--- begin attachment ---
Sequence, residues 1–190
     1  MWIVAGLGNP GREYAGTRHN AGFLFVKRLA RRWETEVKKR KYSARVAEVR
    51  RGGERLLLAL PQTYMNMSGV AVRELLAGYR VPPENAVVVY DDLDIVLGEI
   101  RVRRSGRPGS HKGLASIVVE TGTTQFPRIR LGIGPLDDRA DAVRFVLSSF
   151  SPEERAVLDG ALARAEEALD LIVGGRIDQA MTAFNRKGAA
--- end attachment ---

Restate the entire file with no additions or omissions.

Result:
Sequence, residues 1–190
     1  MWIVAGLGNP GREYAGTRHN AGFLFVKRLA RRWETEVKKR KYSARVAEVR
    51  RGGERLLLAL PQTYMNMSGV AVRELLAGYR VPPENAVVVY DDLDIVLGEI
   101  RVRRSGRPGS HKGLASIVVE TGTTQFPRIR LGIGPLDDRA DAVRFVLSSF
   151  SPEERAVLDG ALARAEEALD LIVGGRIDQA MTAFNRKGAA